Friday, April 25, 2008

Poetry Friday


Black and white rabbit
when he shakes
it means he's scared.
loves my daddy's feet
poops a lot
chews a lot
hides a lot
hops a lot
sleeps sometimes
runs a lot
gets in trouble
A lot

Let sun shine
glow in the summer morning
when you wake up
the sun glows in your eyes

When you wake up
in the morning
you look out your window
The sun lights up your bedroom
And you run outside

Straight from our poetry notebooks these students really impressed me with their poetry writing! Go first graders!!!

Thursday, April 24, 2008

Yikes! Teaching First Graders to Be Poets!

We began our poetry unit last week. I spent Sunday afternoon at the library with my hubby and two children. We checked out 31 poetry anthologies for my pumpkins to immerse themselves. My husband just shook his head as we stood in line with a mile high pile of books. We paid my fine, (I swear, they should dedicate a new wing with the monies I pay in fines!) and then we went off to read some excellent poetry.
Monday morning arrived and I mentioned that I had put some new books in a basket and that each student needed a book to read from during Independent Reading time. We made our selections and began looking through our great poems. You know we couldn't keep those great morsels to ourselves so we spent a lot of time reading them to a partner. We worked all week on how to read poems, how to stop at the commas, and line breaks. We discussed what the author's purpose was during certain poems. We put some poetry in place in our classroom. We reflected on poems and who they reminded us of, always making connections. (How does one curriculum map all of this?) We even sent poems to our fourth grade friends and started a project at our school called, "Poetry in Place." Week one: poetry immersion.
This week we discussed what we notice about poetry. My favorite from a very insightful young man, "Poems say things in very odd ways." How about this one, "the words and lines are simple, but you know what they're talking about." Tuesday, we made a list of where poetry may hide for us. I made a list from simple to more insightful, these things made the list. Wednesday, I chose something from the list and made a list of feelings, and actions. I wrote about my dog Louie. Students did an excellent job with this, I was very impressed! Today, I took my actions and feelings list and modeled my poem about Louie.
Points from the mini lesson:
-poems are skinny
-poem words must be chosen carefully because you can't use a lot of them.
-poets like the sound of repetition, kind of like Keven Henkes!
So, off they went to give it a try. I was so nervous. You know I love poetry, it is my way of writing, it flows through my soul like a river flowing from a mountain. I know poetry, I don't know how to teach poetry. I was treading on uncharted territory...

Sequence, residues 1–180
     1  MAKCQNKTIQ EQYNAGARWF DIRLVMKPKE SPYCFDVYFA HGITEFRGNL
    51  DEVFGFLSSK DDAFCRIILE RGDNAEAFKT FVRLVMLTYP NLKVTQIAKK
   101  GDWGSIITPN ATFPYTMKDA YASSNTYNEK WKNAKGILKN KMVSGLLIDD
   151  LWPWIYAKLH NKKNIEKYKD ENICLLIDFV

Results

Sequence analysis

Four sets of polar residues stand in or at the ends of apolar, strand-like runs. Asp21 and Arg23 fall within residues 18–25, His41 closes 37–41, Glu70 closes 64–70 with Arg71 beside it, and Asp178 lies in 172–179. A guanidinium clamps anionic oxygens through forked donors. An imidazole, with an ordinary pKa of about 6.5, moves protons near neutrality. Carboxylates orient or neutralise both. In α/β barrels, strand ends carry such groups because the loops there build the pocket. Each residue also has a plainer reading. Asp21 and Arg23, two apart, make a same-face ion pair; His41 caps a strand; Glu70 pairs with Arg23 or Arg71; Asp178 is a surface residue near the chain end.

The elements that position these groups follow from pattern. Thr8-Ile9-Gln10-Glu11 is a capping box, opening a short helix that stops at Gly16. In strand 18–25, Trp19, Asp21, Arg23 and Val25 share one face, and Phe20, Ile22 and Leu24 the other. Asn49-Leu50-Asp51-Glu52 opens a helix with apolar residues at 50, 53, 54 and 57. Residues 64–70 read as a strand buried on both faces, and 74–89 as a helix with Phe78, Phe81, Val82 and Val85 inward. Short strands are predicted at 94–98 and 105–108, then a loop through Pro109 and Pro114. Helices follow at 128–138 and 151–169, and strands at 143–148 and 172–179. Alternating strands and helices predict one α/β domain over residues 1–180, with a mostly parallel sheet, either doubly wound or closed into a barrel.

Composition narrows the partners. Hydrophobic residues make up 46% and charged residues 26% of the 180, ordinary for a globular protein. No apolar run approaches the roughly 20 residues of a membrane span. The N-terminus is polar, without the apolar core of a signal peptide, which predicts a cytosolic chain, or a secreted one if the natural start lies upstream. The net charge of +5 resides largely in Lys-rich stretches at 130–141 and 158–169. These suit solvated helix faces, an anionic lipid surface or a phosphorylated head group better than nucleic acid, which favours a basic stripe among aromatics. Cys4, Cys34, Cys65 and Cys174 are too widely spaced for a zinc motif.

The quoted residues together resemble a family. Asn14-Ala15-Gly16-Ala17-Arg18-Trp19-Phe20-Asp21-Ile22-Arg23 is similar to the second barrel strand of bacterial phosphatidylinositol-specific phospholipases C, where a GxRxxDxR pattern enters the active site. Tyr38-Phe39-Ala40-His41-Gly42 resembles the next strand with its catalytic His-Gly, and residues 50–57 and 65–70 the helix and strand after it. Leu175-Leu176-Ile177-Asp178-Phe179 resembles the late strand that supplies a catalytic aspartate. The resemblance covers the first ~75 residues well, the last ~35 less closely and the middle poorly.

My Fish
My fish
stopped breathing
stopped swimming
stopped living
My goodness was I impressed, I will post some for you later, especially my favorite poem.
There was a lot of listening today, something that is few and far between during these warm spring months. My kids did terrific. Where to go tomorrow?

My Note

"I like you as my teacher you are the best your the one who taught me how to read great. Thank you Mrs. Amick!"

I got this note the day after my birthday. It was among the many that I received. What I like most was that this one didn't just mention that I was the best teacher, it mentioned that learning to read "great" happened for this child. She is a great reader but I really felt my importance, I opened the world for this child because now, she is a reader. I always think that if they write about it they realize its importance! This is my passion, realizing that reading and being able to read is a gift!

Wednesday, April 2, 2008

A Blast From the Past

On Monday, the girls and I drove the two hours that it takes to get to Toledo to visit the Toledo Zoo. We go there because our zoo pass gets us in free and it is just a lovely zoo. We see a lot of the animals that the Fort Wayne Children's Zoo doesn't have in their exhibits. My favorite part, and don't laugh, are the buildings. The Toledo Zoo has a lot of indoor exhibits. In fact, when you go there on March 31st a lot of the animals are inside these buildings. It's pretty great though because you can see a lot more of them inside than when they are on display outdoors. Not so great for the animals I am sure but great for viewing. Some of the exhibits are always inside, for instance, the zoo has a wonderful reptilian exhibit and aquarium. These are my favorite buildings, for they were built out of brick and mortar. They are exceptional in their workmanship. A real architectural wonder right there at the zoo! Why?

Most of the zoos buildings were built during the Great Depression! During "the Works" era Roosevelt decided to put men back to work, the federal government created jobs for them. The Toledo Zoo was one such project. On site you can view several buildings that were built for this project, and they are stunning. I always think though, what did those men think as they were building these buildings. Were they just thankful to have jobs? Were they thinking, "who will be able to afford coming to the zoo at this time?" I just wonder what were they thinking?

As I tool around the zoo with my girls I always stop to read the signs. They are there to commemorate a time when people had great need. I wonder, do people stop to read them? Do they stop to think about the men, and their families, and their struggle? Sometimes, in the present, we think that we have struggles with the economy, and gas prices, etc. I am glad that this one bit of history, this architecture is there to help me be thankful for what I do have. Be thankful for what this country has become, and trust that it is still made up of men and women that can work through great struggles.